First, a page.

Pesach in Decatur


Rabbi Elizabeth Hersh received a B.A. from Skidmore College and was ordained as a Rabbi from Hebrew Union College-Jewish Institute of Religion. She is fortunate to be involved in so many facets of the community including serving as the chaplain for JF&CS and an instructor for CAJE. This will be her fifth year serving as the visiting Rabbi in Decatur, Ill. She has also served congregations in both Sydney and Perth, Australia. When not writing her weekly BLOGS, she can be found running marathons.

By Rabbi Elizabeth Hersh

The Passover seder is one of my favorite rituals of the year. I look forward to studying anew the Hagadah. Each year I search for new meanings to our ancient story and the reasons behind what we do. I gather new questions to be discussed during the meal in order to engage one another in exciting intellectual and spiritual pursuits.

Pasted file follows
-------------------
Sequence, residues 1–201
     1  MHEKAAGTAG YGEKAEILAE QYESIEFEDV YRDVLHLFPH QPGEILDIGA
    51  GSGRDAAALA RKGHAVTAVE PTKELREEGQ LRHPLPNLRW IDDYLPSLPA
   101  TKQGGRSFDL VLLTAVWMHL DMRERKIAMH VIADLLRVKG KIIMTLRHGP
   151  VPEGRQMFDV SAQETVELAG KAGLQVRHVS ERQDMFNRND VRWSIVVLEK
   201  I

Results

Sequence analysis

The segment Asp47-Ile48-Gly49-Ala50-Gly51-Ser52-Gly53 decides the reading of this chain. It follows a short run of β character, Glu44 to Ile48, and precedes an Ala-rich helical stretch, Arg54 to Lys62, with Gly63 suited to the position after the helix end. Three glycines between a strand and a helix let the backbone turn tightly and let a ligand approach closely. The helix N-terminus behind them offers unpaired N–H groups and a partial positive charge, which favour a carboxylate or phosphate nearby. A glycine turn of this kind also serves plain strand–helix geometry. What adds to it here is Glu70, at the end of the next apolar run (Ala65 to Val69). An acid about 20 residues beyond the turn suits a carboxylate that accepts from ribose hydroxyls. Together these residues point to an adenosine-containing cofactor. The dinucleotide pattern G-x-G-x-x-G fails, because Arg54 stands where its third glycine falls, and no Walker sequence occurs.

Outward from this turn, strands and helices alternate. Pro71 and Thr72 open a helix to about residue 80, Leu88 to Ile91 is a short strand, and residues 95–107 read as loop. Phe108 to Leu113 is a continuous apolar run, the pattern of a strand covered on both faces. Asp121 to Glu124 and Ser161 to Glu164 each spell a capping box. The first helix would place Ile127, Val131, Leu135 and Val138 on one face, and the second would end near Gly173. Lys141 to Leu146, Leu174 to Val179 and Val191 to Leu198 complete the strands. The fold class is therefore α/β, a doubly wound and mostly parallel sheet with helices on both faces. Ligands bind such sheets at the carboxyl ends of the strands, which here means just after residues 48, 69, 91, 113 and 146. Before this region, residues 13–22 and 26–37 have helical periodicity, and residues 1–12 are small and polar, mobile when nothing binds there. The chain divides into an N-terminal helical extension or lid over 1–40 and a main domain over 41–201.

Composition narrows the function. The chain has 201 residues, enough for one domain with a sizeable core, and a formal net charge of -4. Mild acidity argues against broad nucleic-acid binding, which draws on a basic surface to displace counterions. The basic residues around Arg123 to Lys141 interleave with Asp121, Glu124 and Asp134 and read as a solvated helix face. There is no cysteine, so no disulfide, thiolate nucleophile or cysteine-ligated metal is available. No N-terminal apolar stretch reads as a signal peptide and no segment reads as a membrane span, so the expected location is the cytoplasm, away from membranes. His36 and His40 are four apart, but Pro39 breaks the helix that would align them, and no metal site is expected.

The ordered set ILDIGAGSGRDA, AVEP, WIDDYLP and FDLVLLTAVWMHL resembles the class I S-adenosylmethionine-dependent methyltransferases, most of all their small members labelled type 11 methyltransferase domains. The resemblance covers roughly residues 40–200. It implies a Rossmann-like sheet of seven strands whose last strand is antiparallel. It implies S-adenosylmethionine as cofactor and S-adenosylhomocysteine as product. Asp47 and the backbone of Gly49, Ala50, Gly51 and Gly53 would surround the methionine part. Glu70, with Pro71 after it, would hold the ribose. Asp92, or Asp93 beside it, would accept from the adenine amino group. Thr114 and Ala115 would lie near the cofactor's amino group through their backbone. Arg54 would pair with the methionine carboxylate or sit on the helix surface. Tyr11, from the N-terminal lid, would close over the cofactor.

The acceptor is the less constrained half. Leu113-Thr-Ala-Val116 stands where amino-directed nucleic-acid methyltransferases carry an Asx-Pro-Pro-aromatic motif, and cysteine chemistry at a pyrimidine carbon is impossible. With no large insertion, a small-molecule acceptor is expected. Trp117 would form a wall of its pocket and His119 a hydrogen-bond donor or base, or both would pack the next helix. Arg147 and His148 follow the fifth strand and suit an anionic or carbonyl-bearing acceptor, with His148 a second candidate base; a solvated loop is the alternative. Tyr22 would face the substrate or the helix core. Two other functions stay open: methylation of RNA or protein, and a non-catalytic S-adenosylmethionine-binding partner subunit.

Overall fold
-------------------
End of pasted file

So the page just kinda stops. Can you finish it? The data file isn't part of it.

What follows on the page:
For the last five years I have traveled to Decatur with my family for the second night of seder. For this community a table set for 40 is a wonderful turn out. Rather than hiring a caterer ,they do their own cooking. They have the best matza ball soup I have ever tasted!

Only a few children usually attend so the tradition has become that any kids who have celebrated a Bar or Bat Mitzvah hide the affikomen for the younger ones. They anxiously await the time when they run off to play the “hot/cold” game in search for the evidence that will bring them silver coins.

There are a few individuals who travel back to Decatur just to celebrate seder in a familiar surrounding. For others new to town, this is a way of welcoming them to the Jewish community. The first part of the seder lasts about 50 minutes. After way too much food, we conclude in 15 to 20 minutes. They are good sports about doing as much as possible to fulfill this ancient tradition.

Seder in Decatur has been my way of celebrating with family. Until Shavuot!